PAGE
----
Back at the campsite, I setup my tent and sleeping roll. The other thing I failed to take into consideration, along with a lack of cellular service, was the profound infestation of flies and mosquitoes that have claimed Palomar. I didn’t count mosquito bites, but the fly bites hurt worse. I took caution to keep the door to my tent closed except when entering and leaving. Without bug spray, the tent would be my salvation. 

Of course with no cell service, there was no music, no YouTube, and no movies. Just writing and thinking — two of my favorite things. Since I needed one more frustration, along with the bugs and the lack of Internet to complete the trifecta, the campsite beside me had 6 matching sky blue tents — all filled with pre-teen girls from an area church. So help me God, everyone of them was named Morgan. After getting settled, I was tempted to face Mecca, bow, and pray for a while. I chose to just sit quietly for a moment and give thanks to God instead. 

Exhausted from the afternoon, I took a short hike as the sun was setting, but made it less than a half-mile before I turned around and climbed in my tent for the night. Dinner was two Annie’s vegetarian burritos and a Larry & Larry vegan cookie. From the window of my tent, I watched the moon pass through some pines and decided to turn the light out.

Photos below are from earlier in the week…

The church girls beside me giggled into the night, and the White Trash Family Robinson arrived at the campsite on the opposite side a little after 10pm. They listened to Foreigner and shotgunned beers as they set up camp. When I woke Sunday morning, there were actually three recliners beside their campfire — they simply took their living room for a drive.

At 5am I began stowing my gear. I was on the road by 5:45. Descending Palomar was spectacular. The morning light highlighted the views through every hairpin turn and overlook. From the time I left the summit, I didn’t take a single kick for 16-miles — it was a total freeride. I rode slow through the orchards and groves of the Pauma Valley with a sense of pride from what I’d accomplished. I was home by 10am. 

Honestly, I’m not sure I’ll do this again. I’m glad I did it — and glad that I didn’t quit. The ride was the epitome of Type A fun — the kind of fun that’s made up of exhaustion and determination, and doesn’t actually become fun until it’s over. Okay, I’ll probably do it again or something similar, but I’m definitely going to pack lighter.

This is what I think about when I ride it… Jhciacb 

Last week by the numbers…

Bikes Ridden: 6

Miles: 171

Climbing: 14,000’

Mph Avg: 12.6

Calories: 13,000

Seat Time: 13 hours 38 minutes

Whether you ride a bike or not, thank you for taking the time to ride along this week. If you haven’t already, please scroll up and subscribe. If you like what you read, give it a like and a share. Oh, and there’s this from The Inmates. Enjoy…

On The Adversity Of Others…

At some point during each ride, I find myself contemplating the trials and tragedies of others. Not for amusement, but out of humility. I think about those in my periphery — friends, family, and acquaintances, as well as those I’ve crossed paths with via social media.

As I stand out of my saddle and pedal up steep grades or glide down the other sides hoping to pass cars ahead of me, I chew on the adversity of others more than I think about my own. By comparison, I often think, I don’t even know what adversity is. This the exercise within my exercise — an excellent daily reminder of how blessed my life is.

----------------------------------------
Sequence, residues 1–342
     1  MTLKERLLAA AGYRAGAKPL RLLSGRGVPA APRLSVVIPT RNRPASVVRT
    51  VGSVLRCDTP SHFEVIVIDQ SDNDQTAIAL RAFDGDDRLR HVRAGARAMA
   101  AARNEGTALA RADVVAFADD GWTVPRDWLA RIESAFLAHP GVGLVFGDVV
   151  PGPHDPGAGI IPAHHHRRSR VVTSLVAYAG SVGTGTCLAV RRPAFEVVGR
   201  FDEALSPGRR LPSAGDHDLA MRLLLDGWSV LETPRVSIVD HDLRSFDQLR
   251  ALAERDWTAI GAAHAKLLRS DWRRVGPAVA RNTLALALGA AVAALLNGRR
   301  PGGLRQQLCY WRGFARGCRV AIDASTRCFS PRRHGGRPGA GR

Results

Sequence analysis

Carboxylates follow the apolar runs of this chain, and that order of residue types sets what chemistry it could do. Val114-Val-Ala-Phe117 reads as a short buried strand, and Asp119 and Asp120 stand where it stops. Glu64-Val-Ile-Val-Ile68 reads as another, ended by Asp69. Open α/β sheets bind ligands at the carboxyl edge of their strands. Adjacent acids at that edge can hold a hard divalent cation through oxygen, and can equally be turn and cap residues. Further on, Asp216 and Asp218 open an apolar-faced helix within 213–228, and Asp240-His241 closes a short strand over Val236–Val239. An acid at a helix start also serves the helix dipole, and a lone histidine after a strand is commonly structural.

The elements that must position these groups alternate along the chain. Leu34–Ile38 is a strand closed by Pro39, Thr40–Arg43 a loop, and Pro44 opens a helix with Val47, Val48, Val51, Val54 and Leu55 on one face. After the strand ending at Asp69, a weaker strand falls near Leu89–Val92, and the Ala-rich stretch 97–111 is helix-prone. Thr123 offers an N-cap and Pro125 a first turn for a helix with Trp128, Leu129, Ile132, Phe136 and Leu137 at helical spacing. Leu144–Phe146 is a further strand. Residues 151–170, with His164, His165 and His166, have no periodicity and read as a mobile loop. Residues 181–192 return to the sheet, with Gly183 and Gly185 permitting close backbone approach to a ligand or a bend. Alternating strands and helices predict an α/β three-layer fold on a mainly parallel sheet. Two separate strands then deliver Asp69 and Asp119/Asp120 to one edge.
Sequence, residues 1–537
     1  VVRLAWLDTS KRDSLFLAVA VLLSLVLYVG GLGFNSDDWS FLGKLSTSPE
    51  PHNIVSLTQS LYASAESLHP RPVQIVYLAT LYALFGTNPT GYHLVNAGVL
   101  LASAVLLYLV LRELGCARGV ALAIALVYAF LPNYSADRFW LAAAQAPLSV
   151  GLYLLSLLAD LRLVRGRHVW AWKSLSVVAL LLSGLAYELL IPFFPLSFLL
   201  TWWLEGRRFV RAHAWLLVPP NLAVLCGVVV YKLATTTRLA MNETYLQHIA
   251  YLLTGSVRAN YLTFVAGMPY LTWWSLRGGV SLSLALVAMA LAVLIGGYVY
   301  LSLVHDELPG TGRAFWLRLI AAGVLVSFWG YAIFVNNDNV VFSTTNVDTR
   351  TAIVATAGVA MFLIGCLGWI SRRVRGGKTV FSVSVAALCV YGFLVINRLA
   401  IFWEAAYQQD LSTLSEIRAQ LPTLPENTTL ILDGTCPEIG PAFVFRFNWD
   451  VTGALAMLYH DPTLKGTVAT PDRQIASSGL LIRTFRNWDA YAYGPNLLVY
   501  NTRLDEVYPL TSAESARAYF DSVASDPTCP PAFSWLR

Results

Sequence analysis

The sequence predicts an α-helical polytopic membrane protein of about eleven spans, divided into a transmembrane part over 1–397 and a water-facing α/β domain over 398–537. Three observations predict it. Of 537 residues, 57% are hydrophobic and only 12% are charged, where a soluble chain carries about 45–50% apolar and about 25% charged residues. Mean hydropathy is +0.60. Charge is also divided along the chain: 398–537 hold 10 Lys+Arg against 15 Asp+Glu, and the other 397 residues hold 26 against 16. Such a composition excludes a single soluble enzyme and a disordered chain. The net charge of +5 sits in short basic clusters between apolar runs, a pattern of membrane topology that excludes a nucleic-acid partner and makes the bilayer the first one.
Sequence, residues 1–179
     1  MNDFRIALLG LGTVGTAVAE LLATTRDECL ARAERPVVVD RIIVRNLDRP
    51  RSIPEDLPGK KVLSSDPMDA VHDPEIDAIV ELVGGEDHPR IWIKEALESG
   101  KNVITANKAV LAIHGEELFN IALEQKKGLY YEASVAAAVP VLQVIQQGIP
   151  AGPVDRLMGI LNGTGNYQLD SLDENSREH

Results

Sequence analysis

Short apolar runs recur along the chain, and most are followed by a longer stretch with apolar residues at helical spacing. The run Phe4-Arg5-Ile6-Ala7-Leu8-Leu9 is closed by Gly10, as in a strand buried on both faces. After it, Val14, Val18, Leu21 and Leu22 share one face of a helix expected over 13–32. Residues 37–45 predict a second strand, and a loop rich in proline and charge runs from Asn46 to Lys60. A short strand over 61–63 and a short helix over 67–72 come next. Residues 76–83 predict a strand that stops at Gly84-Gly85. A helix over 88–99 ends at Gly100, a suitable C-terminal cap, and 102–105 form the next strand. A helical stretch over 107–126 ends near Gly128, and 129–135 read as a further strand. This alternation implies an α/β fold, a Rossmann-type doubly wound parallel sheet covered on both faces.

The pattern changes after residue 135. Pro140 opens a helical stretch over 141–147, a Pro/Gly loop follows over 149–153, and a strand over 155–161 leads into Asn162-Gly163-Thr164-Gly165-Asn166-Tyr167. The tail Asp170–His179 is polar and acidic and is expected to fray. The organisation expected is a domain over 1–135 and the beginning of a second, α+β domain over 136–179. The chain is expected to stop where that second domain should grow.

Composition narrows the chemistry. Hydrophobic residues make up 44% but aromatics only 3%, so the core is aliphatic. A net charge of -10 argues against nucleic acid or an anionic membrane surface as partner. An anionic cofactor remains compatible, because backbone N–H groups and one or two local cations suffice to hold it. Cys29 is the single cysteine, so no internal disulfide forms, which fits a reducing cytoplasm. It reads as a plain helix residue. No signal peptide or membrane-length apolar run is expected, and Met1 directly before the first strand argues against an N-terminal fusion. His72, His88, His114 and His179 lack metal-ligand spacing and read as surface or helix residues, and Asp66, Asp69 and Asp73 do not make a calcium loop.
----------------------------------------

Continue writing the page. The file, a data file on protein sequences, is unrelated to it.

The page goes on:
Completing the adversity of others is a grounding reminder that many I know have interruptions in their own blessings, and that sometimes those interruptions are severe. I love them and I always pray for them.

It’s been a decade since Gretchen died. She was in her late-40s, a client and friend who I occasionally hiked with. One afternoon, while walking across a restaurant floor on her way to the restroom, Gretchen suffered a heart attack. The EMTs revived her, but she passed away the next morning. Only minutes before, she had texted another friend that she was having one of the best days of her life. There hasn’t been a week go by since, that I have not thought about that, at least a little bit.

A few years later, the 13-year-old daughter of another friend passed away suddenly, on her way to a family outing with her parents and two brothers. That loss has crossed my mind a few times a day ever since. Though I never knew Clara, the suddenness of her loss impacted me as much as any.

Several years ago a friend in Colorado allowed a tree to get between she and a fantastic downhill run she was having that day. She spent several weeks in the hospital, suffered multiple broken bones, a short term head injury, and some permanent scarring on the right side of her face. The scarring is minimal, she is skiing again regularly, and she has since finished college. She refers to the scars on her face as “The signature of good fortune“.

Because I ride past his house daily, I think of Dave. He was a client who was complaining about shoulder problems about a few years back. He was concerned our workouts were causing the pain he was having under his upper right arm. After a doctors visit and a couple of referrals, is shoulder pain turned out not to be workout related. The pain was coming from his lymph nodes, the result of lung cancer that he was unaware of. After a couple years of fighting it, the cancer won.

Those are just a few examples of adversities that have touched me, but have clearly touched those connected to them far more. With each passing year there’s always one or two more. At some point, there might be so many adversities that I’ll be able to think of little else.

The joke in my family is this…

I don’t have to get an annual physical. I just get my blood work done when I visit the emergency room each year. Though I do land in the emergency room frequently, I’ve been quite fortunate that nothing putting me there has caused me much difficulty. There have been setbacks, but nothing that approaches the term adversity.

Maybe it’s because I ride by markers each day where cyclists have been struck by cars. Maybe it’s because I’ve seen more than a handful of gurneys being loaded into ambulances driving away from the remains of mangled motorcycles, bikes, and cars. Most likely though, it’s because I know the risks involved with daily cycling, that I think about the adversity of others and the impact it has had on their families and friends.

As much as anything, these daily thoughts remind me of just how good my life is, and how I should strive to protect and appreciate it.

This is what I think about when I ride… Jhciacb

This week by the numbers…

Bikes Ridden: 6

Miles: 183

Climbing: 8,100’

Mph Avg: 14.7

Calories: 10,300

Seat Time: 12 hours 26 minutes

Whether you ride a bike or not, thank you for taking the time to ride along this week. If you haven’t already, please scroll up and subscribe. If you like what you read, give it a like and a share. Oh, and there’s this from Spooky Tooth. Enjoy…